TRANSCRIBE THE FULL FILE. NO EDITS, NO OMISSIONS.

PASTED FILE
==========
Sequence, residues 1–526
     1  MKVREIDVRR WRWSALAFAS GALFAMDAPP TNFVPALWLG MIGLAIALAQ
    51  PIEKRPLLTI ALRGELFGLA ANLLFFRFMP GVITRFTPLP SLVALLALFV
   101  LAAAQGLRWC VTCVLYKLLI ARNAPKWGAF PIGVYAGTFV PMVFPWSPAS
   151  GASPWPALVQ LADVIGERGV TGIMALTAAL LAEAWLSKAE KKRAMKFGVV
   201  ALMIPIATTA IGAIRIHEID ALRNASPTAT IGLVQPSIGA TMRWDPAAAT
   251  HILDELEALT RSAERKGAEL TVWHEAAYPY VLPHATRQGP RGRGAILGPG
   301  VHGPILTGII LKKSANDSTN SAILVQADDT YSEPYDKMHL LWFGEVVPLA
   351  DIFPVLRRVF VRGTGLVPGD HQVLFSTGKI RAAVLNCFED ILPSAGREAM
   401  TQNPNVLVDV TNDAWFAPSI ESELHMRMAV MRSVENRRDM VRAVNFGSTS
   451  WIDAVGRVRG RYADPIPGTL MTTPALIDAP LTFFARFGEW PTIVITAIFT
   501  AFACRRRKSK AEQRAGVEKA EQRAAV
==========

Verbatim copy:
Sequence, residues 1–526
     1  MKVREIDVRR WRWSALAFAS GALFAMDAPP TNFVPALWLG MIGLAIALAQ
    51  PIEKRPLLTI ALRGELFGLA ANLLFFRFMP GVITRFTPLP SLVALLALFV
   101  LAAAQGLRWC VTCVLYKLLI ARNAPKWGAF PIGVYAGTFV PMVFPWSPAS
   151  GASPWPALVQ LADVIGERGV TGIMALTAAL LAEAWLSKAE KKRAMKFGVV
   201  ALMIPIATTA IGAIRIHEID ALRNASPTAT IGLVQPSIGA TMRWDPAAAT
   251  HILDELEALT RSAERKGAEL TVWHEAAYPY VLPHATRQGP RGRGAILGPG
   301  VHGPILTGII LKKSANDSTN SAILVQADDT YSEPYDKMHL LWFGEVVPLA
   351  DIFPVLRRVF VRGTGLVPGD HQVLFSTGKI RAAVLNCFED ILPSAGREAM
   401  TQNPNVLVDV TNDAWFAPSI ESELHMRMAV MRSVENRRDM VRAVNFGSTS
   451  WIDAVGRVRG RYADPIPGTL MTTPALIDAP LTFFARFGEW PTIVITAIFT
   501  AFACRRRKSK AEQRAGVEKA EQRAAV